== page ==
Quinnan Receives NSF Graduate Research Fellowship
Melissa Quinnan, who recently graduated from the Eberly College of Science with an undergraduate degree in physics, was awarded a National Science Foundation (NSF) Graduate Research Fellowship.
The NSF Graduate Research Fellowship Program recognizes and supports outstanding graduate students in NSF-supported science, technology, engineering, and mathematics disciplines who are pursuing research-based master's and doctoral degrees at accredited United States institutions.
“The NSF Graduate Fellowship is one of the nation’s top honors for young researchers. The competition for this award is tremendously rigorous, and the recipients are a formidable group of scientists. Melissa has done a great job here at Penn State, and she is poised to move on with a truly exciting career,” said Tanya Furman, director of the University Fellowships Office.
“I'm truly honored to receive this fellowship,” said Quinnan. “It's a lot more than funding. As I understand it, it's the National Science Foundation's way of saying ‘look out for this young scientist’…their way of endorsing me and my potential as a researcher.”
The fellowship’s funding gives Quinnan the freedom to begin conducting the research project of her choice as she begins graduate school. She will use the NSF Graduate Fellowship to continue her study of particle physics as a graduate student at the University of California, Santa Barbara, where she will be working with the Compact Muon Solenoid (CMS) experiment, one of the two major general-purpose particle physics detectors built on the Large Hadron Collider (LHC) at CERN.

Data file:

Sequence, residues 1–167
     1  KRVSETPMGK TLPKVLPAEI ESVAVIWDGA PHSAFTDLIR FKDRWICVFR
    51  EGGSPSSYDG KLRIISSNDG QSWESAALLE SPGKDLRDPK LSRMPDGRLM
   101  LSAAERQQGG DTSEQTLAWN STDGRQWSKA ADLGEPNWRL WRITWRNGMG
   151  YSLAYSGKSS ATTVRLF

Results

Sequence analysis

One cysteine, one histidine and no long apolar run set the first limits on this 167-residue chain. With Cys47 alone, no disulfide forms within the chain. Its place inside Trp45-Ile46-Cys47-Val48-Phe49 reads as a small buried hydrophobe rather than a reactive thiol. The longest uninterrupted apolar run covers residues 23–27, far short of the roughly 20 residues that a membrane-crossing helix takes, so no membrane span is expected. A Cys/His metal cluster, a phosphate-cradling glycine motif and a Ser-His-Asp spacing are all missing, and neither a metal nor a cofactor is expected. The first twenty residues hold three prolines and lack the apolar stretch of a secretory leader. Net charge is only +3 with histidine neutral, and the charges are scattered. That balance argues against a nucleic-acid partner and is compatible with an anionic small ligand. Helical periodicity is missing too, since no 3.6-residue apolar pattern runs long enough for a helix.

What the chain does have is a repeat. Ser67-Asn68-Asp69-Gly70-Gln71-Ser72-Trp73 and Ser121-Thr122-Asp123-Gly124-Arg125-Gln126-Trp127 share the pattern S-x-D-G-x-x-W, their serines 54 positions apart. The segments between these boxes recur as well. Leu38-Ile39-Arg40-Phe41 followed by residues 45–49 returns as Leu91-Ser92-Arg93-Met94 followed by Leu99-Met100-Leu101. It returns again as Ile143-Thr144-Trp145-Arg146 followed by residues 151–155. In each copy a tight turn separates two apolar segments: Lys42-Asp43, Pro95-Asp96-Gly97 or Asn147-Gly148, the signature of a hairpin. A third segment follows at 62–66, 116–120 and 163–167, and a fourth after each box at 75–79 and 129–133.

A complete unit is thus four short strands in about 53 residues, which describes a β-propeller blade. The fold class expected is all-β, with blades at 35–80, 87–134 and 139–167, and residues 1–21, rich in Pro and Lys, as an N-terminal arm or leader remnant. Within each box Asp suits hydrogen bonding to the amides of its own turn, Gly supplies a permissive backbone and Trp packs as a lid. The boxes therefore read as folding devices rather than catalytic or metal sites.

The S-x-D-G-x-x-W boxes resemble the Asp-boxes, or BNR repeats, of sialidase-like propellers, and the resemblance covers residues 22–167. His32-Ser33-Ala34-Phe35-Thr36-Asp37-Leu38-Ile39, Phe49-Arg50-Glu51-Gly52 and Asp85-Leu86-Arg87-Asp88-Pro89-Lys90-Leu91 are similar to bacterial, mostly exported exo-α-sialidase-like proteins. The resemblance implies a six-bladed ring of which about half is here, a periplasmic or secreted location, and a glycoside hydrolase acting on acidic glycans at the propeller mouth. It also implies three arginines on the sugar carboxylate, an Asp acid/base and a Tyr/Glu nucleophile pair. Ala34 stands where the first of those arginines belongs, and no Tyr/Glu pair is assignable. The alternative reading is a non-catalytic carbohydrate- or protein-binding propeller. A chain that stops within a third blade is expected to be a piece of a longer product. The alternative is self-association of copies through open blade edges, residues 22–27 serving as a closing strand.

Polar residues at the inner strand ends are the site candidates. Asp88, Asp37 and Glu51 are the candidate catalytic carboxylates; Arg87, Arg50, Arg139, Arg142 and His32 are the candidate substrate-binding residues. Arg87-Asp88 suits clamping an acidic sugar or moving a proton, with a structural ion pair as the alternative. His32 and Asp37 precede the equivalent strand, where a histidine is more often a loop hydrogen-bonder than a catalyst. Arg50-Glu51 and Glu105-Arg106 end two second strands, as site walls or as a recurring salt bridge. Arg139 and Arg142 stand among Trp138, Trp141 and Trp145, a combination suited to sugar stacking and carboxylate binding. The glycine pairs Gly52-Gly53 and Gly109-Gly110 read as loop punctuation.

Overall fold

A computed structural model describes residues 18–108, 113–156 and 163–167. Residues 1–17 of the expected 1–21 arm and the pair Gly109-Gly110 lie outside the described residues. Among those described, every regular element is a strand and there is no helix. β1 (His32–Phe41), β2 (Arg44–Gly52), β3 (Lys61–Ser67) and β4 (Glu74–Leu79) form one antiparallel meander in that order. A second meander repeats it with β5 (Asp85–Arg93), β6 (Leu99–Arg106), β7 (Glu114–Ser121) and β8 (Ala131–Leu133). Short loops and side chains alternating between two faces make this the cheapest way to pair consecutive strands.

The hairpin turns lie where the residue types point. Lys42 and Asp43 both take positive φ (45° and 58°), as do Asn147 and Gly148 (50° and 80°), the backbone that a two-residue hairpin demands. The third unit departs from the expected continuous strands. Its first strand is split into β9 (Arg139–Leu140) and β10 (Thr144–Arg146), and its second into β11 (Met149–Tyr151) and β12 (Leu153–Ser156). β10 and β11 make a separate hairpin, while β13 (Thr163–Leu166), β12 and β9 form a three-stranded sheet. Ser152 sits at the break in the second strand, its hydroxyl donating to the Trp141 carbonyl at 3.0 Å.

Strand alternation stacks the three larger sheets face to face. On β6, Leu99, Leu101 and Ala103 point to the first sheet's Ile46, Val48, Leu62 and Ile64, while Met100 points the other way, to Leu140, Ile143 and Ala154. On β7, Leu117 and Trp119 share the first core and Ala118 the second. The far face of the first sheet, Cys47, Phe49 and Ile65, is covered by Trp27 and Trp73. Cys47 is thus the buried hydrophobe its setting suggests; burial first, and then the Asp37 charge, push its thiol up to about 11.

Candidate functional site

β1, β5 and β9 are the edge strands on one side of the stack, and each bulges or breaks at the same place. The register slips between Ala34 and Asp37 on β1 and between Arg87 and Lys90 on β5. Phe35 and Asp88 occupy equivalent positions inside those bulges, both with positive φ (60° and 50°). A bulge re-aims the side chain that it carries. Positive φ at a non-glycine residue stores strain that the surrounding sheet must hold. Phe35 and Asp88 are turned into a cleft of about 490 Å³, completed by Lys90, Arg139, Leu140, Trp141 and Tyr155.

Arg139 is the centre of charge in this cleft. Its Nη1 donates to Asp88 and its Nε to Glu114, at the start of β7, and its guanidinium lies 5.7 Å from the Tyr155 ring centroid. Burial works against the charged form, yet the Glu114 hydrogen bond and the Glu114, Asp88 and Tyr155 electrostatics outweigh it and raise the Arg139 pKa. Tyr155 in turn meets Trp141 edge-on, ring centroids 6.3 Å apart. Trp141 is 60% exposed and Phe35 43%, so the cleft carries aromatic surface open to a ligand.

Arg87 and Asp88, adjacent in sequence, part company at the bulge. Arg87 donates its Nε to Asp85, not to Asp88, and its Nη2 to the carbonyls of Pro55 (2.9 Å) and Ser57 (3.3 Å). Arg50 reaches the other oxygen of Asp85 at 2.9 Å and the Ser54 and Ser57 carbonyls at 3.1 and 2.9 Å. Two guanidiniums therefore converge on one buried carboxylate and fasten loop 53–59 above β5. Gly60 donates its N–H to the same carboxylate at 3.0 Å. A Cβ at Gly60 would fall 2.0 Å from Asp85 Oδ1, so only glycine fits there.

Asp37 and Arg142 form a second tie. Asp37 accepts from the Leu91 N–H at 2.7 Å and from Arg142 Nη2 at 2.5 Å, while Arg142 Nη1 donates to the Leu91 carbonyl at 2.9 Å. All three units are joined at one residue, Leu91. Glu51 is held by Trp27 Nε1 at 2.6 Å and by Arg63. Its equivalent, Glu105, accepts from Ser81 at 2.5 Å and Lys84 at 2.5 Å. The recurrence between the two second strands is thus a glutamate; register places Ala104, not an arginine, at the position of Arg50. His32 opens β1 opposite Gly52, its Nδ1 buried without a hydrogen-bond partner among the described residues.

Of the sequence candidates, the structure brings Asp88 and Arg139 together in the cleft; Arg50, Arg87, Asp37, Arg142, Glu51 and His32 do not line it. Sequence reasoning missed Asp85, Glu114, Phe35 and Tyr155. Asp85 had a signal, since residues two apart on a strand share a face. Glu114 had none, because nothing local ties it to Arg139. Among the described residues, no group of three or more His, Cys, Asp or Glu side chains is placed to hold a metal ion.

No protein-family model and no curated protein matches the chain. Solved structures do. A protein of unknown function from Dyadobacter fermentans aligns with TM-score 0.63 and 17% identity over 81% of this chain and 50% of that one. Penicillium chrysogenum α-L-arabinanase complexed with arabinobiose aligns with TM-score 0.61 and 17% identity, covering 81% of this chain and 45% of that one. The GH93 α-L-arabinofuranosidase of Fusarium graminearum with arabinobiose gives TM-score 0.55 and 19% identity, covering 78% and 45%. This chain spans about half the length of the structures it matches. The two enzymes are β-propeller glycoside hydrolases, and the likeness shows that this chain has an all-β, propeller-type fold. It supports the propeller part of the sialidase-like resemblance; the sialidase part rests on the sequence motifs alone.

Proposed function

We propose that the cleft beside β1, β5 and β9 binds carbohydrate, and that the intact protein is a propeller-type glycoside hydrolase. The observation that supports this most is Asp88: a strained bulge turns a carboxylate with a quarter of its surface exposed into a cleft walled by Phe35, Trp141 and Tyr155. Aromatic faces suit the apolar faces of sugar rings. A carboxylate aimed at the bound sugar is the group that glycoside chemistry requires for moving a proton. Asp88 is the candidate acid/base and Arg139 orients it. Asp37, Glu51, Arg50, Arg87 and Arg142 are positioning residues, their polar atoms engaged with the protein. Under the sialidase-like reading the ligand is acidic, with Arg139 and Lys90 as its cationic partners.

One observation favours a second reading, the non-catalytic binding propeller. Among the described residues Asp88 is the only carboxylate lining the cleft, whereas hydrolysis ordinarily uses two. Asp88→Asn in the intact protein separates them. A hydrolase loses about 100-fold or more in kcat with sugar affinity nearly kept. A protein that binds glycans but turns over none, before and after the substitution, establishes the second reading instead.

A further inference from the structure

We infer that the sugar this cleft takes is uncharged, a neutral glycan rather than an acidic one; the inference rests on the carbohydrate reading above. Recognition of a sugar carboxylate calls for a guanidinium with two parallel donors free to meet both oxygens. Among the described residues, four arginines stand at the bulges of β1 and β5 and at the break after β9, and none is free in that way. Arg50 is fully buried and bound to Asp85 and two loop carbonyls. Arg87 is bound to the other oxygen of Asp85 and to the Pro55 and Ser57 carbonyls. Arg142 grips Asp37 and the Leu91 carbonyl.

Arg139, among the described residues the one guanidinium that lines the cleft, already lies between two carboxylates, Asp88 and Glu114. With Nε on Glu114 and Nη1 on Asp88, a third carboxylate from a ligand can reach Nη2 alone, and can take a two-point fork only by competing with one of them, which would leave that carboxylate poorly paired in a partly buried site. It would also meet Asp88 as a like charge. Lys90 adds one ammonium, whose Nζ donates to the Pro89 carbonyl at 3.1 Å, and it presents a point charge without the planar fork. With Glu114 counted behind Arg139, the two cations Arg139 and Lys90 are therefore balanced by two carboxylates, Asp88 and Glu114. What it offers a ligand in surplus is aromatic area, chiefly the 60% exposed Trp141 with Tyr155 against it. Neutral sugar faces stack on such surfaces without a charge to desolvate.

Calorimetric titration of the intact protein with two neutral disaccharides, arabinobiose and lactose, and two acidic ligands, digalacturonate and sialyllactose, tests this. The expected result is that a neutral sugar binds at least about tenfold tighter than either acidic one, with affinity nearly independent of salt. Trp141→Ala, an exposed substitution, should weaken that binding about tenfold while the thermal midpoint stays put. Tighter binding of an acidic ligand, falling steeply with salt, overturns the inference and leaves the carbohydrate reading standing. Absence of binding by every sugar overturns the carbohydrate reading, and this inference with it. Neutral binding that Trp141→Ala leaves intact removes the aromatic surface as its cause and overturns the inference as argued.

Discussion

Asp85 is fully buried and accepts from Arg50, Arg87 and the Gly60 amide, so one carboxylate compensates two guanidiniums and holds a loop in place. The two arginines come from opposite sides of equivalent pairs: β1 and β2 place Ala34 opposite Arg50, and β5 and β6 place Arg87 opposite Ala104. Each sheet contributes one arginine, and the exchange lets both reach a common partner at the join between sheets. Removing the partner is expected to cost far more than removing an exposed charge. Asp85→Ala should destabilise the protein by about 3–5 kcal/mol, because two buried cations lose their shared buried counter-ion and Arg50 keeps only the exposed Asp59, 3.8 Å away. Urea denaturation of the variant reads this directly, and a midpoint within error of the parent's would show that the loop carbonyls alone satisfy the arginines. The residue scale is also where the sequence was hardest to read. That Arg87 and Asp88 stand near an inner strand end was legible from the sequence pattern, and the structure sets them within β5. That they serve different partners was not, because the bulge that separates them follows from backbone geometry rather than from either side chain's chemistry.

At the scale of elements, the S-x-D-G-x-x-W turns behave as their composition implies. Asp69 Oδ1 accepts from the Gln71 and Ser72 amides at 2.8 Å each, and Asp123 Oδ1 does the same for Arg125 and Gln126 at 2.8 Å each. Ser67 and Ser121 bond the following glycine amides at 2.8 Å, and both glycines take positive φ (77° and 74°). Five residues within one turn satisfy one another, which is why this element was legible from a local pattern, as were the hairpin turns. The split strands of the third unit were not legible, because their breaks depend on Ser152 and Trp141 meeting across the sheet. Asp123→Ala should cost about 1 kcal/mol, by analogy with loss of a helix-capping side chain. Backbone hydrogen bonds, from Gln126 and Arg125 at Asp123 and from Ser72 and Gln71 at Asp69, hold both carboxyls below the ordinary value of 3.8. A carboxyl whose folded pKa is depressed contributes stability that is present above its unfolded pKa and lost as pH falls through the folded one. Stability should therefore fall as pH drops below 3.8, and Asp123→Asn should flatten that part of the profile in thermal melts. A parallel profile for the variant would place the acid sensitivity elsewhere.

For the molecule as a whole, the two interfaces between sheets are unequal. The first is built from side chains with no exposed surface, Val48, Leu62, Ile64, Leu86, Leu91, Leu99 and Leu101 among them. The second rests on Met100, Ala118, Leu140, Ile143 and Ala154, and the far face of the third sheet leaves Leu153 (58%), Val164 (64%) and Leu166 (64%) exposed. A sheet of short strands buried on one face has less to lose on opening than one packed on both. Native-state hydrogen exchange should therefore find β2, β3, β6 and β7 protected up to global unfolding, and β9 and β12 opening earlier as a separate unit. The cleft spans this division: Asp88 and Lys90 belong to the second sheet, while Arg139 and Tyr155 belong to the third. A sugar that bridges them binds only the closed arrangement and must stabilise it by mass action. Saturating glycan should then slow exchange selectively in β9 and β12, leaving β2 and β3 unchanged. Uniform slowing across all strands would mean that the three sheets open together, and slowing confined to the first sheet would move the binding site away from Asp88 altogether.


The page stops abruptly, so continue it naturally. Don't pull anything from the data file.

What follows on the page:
This won’t be Quinnan’s first time working with CERN—in the summer of 2015, she was selected to conduct research there as part of the University of Michigan’s CERN Summer Undergraduate Research Experience program.
Since she was a freshman at Penn State, Quinnan has worked in the lab of Doug Cowen, professor of physics and astronomy and astrophysics. Cowen’s lab uses the IceCube South Pole Neutrino Observatory to detect neutrinos. Neutrinos are subatomic particles lacking an electric charge that are capable of conveying astronomical information from the edge of the universe.
Her NSF Graduate Fellowship caps off an impressive undergraduate research career. In addition to her work with Cowen and CERN, Quinnan participated in DAAD-RISE, working at the Karlsruhe Institute of Technology on the EDELWEISS dark matter search experiment. DAAD-RISE is a summer internship program pairing undergraduate students from the United States, Canada and the UK studying biology, chemistry, physics, earth sciences, and engineering with research lab experiences in Germany.
For those experiences, Quinnan is grateful to the Department of Physics, particularly her professors Richard Robinett, Doug Cowen, Tyce DeYoung, and Tyler Anderson. “It was their guidance and support that exposed me to particle physics and gave me the research skills and experiences that made this possible,” she said.
She also thanks the Penn State community for helping her achieve her goals. “The Penn State community in general has been wonderful throughout my undergraduate career,” she said. “I've loved the freedom to explore my interests in physics and beyond. The NSF is about broader impacts as much as it is about academic excellence, and I am grateful for the exposure to leadership, outreach, and community service experiences during my time at Penn State.”
The University Fellowships Office, a division of Undergraduate Education, is a resource for undergraduates, graduate students, and Penn State alumni seeking information and guidance regarding scholarships and fellowships funded by sources other than Penn State. For more information on fellowship opportunities available, visit ufo.psu.edu, or visit their office in 212 Boucke Building.